Sweet taters

While I’ve written quite a lot about our winter squash over the past couple of years, I’ve neglected the humble, but delicious, sweet potato.  While winter squash are great, they require scooping out the goop, and you often don’t know exactly what you’re going to get until you cook it.

In comparison, sweet potatoes require less prep, and they are consistently delicious.

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To give you a sense of scale, the knife in the sweet potato has a 6.5 inch blade.  This big guy weighed in at just under five pounds.  It really looked like it could have easily weighed ten pounds, but, while nice and solid, the flesh of a raw sweet potato is relatively dry.

We store them dirty (they keep better that way), so they all need a good bath and a bit of a scrub.  I soak the whole potatoes in a bowl of water to loosen the dirt, then use an old toothbrush to scrub them clean under a very small stream of running water.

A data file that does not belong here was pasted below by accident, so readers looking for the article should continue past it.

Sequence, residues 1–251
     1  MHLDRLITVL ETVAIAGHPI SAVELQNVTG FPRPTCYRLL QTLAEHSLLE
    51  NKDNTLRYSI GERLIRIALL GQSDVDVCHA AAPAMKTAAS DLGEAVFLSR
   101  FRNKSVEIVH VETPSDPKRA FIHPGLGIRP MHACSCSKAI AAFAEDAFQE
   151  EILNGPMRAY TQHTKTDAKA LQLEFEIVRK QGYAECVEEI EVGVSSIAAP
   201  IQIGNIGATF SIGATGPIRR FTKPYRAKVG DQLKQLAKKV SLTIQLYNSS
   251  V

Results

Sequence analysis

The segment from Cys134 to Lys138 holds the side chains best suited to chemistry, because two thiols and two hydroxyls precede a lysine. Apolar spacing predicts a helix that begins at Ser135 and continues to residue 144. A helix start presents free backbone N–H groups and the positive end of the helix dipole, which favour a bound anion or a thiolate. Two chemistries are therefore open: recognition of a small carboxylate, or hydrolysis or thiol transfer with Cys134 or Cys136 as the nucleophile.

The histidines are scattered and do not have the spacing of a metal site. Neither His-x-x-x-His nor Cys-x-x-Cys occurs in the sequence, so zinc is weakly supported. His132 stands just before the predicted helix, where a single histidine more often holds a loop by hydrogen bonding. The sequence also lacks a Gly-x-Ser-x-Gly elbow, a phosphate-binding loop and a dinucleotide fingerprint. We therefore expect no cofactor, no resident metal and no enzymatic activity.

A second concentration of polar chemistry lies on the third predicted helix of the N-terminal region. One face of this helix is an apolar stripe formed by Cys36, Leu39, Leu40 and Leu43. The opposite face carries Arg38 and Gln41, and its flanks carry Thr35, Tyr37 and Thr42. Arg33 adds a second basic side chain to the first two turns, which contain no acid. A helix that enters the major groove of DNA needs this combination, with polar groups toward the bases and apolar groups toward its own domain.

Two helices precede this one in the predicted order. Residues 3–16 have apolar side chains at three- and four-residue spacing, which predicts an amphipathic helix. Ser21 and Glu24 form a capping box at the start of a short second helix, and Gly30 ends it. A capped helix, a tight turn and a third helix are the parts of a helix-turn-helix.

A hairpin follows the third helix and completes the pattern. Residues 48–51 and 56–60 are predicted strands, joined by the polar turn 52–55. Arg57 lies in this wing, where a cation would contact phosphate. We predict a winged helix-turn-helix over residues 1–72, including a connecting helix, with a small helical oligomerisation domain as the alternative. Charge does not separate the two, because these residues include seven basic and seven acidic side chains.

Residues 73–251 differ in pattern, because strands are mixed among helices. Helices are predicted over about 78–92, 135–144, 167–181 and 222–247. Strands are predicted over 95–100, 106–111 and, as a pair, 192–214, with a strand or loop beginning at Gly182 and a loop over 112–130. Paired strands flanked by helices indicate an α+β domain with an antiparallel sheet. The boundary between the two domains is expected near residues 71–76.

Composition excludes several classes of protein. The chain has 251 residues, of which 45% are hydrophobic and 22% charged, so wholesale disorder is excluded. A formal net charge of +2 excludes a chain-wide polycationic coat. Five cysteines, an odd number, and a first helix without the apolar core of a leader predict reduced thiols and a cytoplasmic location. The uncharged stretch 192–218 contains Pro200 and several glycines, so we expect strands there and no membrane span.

Here are some smaller roots, immediately after harvest.  Matthew dug about 200 pounds of sweet potatoes from 10-12 plants last October.  These sustained shovel damage, so we used them immediately.

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The dry flesh of the raw sweet potato yields a rich, creamy product when cooked.  My favorite, easy prep method these days involves roasting.

roasted sweet potatoes

Recipe by Melissa

Ingredients
Sweet potatoes
Olive oil
Salt

Directions
Preheat the oven to about 400°F.*  Thoroughly clean the sweet potatoes, as described above.  Cut into similar size cubes (you can go smaller or larger depending on the final use, but similar size is important for even cooking).

Place the sweet potato cubes in a large, oven-safe, covered dish (I use a large Pyrex casserole) and toss with olive oil and salt.  Put the covered dish in the oven and roast the potatoes for 40-55 minutes, stirring halfway through.

Serve as a fabulous side dish, or toss into one-dish meals, soups, or wraps.  I often use sweet potatoes in place of carrots in this soup, and they substitute well in other recipes.

*Temperature is flexible +/- fifty degrees or so if you have other food that needs a specific temperature.   Roasting time may increase or decrease accordingly.

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5 Responses to Sweet taters

  1. I like to cut them in slices and roast them in a single layer so they are like oven chips. This sounds really good too!

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